Most life-rules are useful and help us make daily decisions without too much thought. However, when your core beliefs dictate your behaviors without flexibility, they are dysfunctional and can limit your growth and well-being.

The worst thing with toxic life-rules is that they appear to be truths – it’s just how the world works, right? Therefore, we are often not fully aware of them.

5 steps to challenge your life-rules

      1. Decide to challenge a life-rule in a small way. For example, choose to go for a walk instead of answering work emails tonight (Rule: If I don’t succeed, I will be criticized)
      2. If the feeling of discomfort creeps in, remind yourself that it is not bad or dangerous to feel uncomfortable, on the contrary, it means that you are challenging a rigid rule.
      3. Breathe, observe what is happening without judging (and keep your hands off those emails!). When the stress reaction goes away, you can focus on enjoying the walk.
      4. Write down: when does this life-rule serve you and when are you’re better off overruling it?
      5. Be thankful for the work you just did to build flexibility and resilience.

In short, dysfunctional life-rules can hinder your personal development, they are difficult to notice and can be unpleasant to break. These core beliefs are the root cause of many dysfunctional behaviors. By being aware of them, challenging them and analyzing your reaction, you can increase your resilience and grow into a better version of yourself.

Happy overruling!


The Worrying Problem Solver – (Over)achiever archetype 3

‘Spend 55 minutes thinking about the problem and 5 minutes thinking about solutions’

This achievement strategy is about never leaving anything unresolved. If you identify as worrying problem solver you often experience anxiety and negative stress when facing a challenging problem.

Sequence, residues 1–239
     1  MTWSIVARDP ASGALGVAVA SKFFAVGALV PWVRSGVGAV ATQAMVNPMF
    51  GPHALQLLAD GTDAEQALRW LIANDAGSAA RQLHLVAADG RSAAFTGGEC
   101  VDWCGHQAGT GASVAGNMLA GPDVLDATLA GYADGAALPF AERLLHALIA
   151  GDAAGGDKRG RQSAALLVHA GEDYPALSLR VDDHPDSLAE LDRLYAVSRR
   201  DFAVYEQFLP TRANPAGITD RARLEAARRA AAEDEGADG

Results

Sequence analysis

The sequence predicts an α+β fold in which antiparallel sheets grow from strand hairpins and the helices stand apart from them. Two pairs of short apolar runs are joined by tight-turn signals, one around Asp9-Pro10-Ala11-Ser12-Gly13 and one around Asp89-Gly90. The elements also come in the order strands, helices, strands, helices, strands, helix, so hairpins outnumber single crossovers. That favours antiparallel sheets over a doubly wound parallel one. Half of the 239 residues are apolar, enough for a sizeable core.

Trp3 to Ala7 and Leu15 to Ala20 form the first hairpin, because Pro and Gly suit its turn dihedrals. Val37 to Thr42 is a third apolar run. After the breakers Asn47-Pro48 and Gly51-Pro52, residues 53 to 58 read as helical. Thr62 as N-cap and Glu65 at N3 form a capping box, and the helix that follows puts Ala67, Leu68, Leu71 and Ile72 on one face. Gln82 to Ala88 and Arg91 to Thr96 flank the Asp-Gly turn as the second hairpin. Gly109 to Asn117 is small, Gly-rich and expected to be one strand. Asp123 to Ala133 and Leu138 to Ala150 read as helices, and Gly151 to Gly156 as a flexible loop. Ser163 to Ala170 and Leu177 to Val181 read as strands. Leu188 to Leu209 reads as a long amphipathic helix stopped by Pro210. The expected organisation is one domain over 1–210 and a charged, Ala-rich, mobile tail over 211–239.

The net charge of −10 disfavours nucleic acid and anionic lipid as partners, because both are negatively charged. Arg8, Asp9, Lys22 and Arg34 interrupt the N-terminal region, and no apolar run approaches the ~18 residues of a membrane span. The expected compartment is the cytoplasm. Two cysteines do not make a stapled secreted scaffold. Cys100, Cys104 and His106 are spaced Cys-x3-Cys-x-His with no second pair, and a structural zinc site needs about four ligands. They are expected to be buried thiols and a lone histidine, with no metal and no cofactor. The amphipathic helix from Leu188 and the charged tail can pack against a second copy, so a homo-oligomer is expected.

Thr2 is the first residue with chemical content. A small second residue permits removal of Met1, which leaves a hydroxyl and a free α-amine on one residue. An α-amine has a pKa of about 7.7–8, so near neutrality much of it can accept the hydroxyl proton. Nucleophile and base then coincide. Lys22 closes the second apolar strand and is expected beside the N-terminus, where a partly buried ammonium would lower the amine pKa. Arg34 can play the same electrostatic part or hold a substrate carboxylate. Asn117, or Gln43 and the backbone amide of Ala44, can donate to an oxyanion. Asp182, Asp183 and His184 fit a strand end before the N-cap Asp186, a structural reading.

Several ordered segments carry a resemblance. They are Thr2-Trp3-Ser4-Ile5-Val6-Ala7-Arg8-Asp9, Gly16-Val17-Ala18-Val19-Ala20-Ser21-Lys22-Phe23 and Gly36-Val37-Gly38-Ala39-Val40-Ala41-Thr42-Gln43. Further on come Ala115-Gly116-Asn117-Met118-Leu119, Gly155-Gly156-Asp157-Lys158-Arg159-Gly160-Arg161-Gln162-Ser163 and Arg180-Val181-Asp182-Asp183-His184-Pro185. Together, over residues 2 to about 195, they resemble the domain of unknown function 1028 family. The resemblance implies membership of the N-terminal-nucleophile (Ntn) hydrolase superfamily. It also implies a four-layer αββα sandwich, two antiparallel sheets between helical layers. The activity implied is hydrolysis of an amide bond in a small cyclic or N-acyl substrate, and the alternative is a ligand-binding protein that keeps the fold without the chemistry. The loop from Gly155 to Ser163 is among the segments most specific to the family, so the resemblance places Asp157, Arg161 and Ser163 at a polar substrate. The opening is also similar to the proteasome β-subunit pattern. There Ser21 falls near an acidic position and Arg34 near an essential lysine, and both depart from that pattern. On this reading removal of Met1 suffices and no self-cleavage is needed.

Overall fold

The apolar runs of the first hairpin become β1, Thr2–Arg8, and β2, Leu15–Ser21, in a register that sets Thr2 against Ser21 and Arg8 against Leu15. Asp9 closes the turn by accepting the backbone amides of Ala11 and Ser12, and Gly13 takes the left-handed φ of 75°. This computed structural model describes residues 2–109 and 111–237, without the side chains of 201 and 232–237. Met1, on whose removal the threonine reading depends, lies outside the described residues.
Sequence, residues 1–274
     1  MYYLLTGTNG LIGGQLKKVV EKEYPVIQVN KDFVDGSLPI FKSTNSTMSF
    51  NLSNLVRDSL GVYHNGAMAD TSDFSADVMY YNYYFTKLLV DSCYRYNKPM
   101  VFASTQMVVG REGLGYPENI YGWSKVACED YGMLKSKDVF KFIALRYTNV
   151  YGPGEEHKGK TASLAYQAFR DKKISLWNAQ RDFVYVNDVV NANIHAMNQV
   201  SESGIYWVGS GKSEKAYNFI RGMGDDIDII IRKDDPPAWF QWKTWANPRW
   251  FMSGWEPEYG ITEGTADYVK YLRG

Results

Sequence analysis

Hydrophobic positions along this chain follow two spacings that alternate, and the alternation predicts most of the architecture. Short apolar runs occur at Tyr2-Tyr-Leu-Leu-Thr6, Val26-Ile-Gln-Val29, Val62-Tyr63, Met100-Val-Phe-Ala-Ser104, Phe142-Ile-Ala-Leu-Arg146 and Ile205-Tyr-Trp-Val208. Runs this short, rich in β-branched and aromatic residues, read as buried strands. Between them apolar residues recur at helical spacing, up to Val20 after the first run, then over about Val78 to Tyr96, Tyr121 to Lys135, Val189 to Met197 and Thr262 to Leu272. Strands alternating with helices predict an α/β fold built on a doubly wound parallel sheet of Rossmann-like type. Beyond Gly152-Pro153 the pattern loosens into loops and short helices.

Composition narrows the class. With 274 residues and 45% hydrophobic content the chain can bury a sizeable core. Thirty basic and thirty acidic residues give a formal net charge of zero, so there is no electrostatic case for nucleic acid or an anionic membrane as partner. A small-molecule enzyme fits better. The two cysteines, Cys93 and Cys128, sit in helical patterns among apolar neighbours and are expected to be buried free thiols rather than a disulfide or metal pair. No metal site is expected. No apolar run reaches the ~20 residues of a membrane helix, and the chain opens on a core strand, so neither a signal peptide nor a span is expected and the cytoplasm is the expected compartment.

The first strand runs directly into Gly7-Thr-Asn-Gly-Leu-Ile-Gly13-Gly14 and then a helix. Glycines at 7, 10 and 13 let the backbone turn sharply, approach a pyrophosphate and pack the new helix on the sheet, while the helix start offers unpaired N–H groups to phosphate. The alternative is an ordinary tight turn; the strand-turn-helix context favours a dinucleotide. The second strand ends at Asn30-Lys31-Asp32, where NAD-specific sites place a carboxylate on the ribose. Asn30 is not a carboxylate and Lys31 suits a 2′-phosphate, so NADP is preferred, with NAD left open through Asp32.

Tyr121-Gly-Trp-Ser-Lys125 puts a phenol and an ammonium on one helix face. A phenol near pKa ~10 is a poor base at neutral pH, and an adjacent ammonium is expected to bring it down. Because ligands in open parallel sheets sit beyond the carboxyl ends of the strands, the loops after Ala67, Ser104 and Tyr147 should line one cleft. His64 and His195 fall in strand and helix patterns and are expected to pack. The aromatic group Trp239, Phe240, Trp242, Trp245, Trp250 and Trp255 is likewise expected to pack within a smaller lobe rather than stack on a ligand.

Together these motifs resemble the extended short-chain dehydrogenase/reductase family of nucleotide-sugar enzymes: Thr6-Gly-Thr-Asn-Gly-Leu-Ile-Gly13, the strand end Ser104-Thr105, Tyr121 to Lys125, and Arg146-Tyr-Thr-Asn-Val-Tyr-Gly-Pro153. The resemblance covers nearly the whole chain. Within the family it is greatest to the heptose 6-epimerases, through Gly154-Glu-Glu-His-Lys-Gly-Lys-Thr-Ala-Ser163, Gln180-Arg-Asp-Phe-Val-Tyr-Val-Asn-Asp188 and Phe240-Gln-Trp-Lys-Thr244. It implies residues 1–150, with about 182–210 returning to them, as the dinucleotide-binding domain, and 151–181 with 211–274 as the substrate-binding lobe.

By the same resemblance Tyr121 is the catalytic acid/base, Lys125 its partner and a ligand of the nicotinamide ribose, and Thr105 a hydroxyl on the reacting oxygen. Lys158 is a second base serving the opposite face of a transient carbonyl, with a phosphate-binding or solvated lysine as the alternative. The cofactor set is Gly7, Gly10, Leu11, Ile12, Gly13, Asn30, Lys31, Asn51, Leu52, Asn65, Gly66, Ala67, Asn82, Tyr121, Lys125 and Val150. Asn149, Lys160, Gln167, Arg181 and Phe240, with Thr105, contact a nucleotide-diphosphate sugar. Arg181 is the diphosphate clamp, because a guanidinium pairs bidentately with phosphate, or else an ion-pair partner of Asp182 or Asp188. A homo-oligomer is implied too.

On top of the anxiety the issue with this approach is that it’s very ineffective. When the brain’s threat system is switched on you are unlikely to find constructive solutions.

The result is a behavior that is motivated by getting rid of discomfort. In the short term, it feels better to dwell on the problem than to leave it.

Drivers and Fears:
      • The dopamine kick of solving things.
      • Inability to deal with the discomfort of disappointment.
      • A tendency to catastrophize.
      • Fear of failure.
How to overcome:

1.Recognize the difference between worrying and productive problem solving. Here are some signs that you might be worrying:

      • You dismiss all your solutions as ineffective.
      • You are tense, distressed, and upset.
      • You spend a lot of time focusing on how things could go terribly wrong.

2. To get out of worrying-mode. Try taking some slow breaths from your diaphragm and relax. If that doesn’t help, take a break (go for a run, Clean the toilet). Come back to the problem when you’ve had a chance to settle down.

3. Put negative thoughts into a drawer. If you still find yourself slipping into negative thinking. Let the thoughts come, then mentally put them into a drawer, lock it and tell yourself you can open the draw again in an hour. In the meanwhile focus on positive ways to solve the problem.

Have you experienced periods of worrying and anxiety? What tips would you give to someone who is a worrying problem solver?

Next up: The Constant Achiever

© 2021 Emma Vallin. All rights reserved.

REFLEKTIONAD – Sista torsdagen i varje månad kl 08.30 Djurgårdsbron, Stockholm

Många av oss prioriterar bort just de aktiviteter som skyddar oss från negativ stress: 

      • Meningsfulla samtal IRL
      • Reflektionstid
      • Natur
      • Motion

Vi behöver ’reflektionera’ mera! 

Reflektion + Promenad = Reflektionad

Som Margaret Wheatley sa: